SANTA CLARA COUNTY, Calif. (BCN) - By Bay City News Service
The Santa Clara County Board of Supervisors voted unanimously to stand with workers who have experienced wage theft or abuse from their employers by increasing the budget of its enforcement office by $500,000 on Tuesday.
The decision brings the Office of Labor Standards Enforcement's overall funding to $1 million, which will be directed toward multilingual workers' rights trainings, individual interviews for workers who report abuse and greater partnerships with community-based rights organizations.
The training curriculum may include education on human and labor trafficking, wage theft, sexual assault, sexual harassment, and retaliation, as the office moves toward expanding its purview in these areas.
The office was established in November 2017, but many workers argued its scope was limited. Some individuals said they had won settlements against their employers, but the money had not yet been awarded to them due to a lack of enforcement.
The supervisors' vote begins to address funding for both issues.
"This decision will have a major impact on wage theft in Santa Clara County and help to protect workers from wage theft, human trafficking and sexual assault," Derecka Mehrens, executive director of Working Partnerships USA, said in a news release.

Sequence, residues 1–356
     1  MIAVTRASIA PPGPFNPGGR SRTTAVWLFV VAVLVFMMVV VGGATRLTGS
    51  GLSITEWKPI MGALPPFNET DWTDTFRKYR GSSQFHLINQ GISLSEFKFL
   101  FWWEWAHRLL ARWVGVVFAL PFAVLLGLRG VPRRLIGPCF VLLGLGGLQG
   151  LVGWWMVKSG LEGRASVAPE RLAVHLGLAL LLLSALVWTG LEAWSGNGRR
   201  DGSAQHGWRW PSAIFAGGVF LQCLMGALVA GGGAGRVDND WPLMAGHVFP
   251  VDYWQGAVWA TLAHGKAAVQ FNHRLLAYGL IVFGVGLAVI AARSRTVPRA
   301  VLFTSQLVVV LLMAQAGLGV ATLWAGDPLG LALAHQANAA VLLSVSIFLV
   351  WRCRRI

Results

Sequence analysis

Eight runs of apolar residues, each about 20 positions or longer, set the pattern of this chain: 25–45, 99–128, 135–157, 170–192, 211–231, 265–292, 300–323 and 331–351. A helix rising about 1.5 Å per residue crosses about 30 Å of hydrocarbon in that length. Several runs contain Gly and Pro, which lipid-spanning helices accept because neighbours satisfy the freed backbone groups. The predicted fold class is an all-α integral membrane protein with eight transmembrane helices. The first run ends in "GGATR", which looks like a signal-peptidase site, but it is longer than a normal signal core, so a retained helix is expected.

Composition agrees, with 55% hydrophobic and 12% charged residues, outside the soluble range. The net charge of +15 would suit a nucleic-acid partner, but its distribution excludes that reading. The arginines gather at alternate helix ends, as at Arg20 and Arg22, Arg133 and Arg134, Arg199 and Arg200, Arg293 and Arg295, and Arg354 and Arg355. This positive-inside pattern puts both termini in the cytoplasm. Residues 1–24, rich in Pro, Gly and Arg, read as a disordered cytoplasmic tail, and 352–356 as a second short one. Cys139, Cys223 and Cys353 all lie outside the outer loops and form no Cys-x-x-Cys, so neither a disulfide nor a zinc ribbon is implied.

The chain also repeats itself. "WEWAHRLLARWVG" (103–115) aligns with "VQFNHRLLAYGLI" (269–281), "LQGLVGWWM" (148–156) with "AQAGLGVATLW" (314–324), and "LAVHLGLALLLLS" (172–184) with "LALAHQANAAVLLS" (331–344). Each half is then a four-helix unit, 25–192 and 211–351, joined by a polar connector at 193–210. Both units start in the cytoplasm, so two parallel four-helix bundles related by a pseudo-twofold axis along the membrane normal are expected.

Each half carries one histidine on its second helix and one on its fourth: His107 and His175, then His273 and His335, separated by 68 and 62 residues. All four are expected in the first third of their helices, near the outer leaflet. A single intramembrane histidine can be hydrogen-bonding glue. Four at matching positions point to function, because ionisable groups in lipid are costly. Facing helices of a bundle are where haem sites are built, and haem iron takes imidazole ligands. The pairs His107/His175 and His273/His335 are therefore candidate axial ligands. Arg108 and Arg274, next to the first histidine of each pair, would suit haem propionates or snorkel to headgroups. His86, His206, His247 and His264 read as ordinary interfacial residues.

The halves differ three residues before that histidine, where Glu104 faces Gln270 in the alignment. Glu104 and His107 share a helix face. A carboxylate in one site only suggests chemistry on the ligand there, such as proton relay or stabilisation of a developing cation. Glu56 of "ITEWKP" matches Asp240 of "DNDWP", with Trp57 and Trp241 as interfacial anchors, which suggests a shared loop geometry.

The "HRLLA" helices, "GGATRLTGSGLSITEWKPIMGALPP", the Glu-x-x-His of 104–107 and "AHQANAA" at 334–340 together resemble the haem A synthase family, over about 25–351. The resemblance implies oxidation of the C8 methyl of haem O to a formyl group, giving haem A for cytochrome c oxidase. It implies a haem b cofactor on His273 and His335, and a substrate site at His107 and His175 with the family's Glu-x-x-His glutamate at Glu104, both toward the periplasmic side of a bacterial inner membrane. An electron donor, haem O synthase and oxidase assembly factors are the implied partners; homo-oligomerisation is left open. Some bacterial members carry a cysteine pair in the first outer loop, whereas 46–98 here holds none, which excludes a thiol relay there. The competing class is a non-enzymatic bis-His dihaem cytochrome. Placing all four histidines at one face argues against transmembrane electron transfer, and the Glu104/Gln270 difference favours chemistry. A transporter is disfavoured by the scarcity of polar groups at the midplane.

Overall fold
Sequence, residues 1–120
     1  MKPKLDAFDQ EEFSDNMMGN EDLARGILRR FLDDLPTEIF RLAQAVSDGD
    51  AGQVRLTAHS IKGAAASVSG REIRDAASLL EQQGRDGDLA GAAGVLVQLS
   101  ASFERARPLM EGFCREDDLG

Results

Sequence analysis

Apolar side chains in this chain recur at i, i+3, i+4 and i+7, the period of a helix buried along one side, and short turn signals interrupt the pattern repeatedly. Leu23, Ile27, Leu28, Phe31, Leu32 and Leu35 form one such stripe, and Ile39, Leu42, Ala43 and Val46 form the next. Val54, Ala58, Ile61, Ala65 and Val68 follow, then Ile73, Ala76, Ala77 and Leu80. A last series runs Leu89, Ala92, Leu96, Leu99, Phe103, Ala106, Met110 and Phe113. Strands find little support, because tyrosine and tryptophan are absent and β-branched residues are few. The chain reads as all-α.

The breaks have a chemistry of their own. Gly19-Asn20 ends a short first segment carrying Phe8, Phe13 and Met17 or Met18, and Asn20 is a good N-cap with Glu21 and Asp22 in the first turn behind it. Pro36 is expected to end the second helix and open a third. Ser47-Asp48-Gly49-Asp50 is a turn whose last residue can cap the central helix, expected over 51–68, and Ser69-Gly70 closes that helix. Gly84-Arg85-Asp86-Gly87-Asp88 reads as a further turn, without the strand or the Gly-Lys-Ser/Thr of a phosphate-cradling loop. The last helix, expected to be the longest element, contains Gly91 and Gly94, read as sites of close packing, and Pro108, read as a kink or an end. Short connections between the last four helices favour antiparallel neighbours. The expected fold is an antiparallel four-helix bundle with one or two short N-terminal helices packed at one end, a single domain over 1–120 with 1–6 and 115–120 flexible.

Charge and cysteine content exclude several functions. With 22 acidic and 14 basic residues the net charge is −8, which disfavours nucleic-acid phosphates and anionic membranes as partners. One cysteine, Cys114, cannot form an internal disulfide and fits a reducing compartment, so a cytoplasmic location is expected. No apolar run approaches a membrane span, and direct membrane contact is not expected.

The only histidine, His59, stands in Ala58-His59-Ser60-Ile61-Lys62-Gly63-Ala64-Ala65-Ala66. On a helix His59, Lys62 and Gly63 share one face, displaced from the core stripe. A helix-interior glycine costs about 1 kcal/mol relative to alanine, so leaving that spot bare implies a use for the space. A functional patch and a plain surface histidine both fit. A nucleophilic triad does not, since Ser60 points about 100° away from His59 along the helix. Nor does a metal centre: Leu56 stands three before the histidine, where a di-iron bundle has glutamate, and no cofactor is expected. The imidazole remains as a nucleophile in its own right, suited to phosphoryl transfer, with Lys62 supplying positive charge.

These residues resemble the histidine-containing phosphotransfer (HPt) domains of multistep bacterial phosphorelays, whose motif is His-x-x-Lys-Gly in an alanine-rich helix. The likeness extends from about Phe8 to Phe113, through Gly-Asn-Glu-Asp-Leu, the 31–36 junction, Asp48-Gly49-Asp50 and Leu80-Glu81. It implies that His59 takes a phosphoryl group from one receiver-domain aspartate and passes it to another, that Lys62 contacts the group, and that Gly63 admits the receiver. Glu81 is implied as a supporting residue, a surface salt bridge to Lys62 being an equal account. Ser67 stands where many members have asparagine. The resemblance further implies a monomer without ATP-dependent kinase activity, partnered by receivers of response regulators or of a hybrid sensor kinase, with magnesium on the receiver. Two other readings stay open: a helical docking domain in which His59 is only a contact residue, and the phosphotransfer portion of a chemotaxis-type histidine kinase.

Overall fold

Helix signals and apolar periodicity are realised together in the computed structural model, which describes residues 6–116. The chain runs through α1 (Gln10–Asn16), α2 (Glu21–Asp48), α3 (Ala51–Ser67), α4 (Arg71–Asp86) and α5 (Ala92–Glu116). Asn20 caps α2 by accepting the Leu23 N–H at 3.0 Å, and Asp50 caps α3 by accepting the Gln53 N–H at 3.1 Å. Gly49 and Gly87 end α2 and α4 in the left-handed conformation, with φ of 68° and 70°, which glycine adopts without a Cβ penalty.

Smaller local organizations, such as those directed to Vietnamese, Filipino and Chinese-American communities, will be able to work with the county to identify industries that frequently violate the law.
The county will also begin work on its pilot food permit program, which will target locations in Mountain View, San Jose, Sunnyvale and Milpitas to enforce labor standards at retail food businesses.
"I am proud to have spearheaded the creation of the Office of Labor Standards," Supervisor Dave Cortese said in a statement. "It will level the playing field for victims of wage theft, human trafficking and inequities for women in the workplace."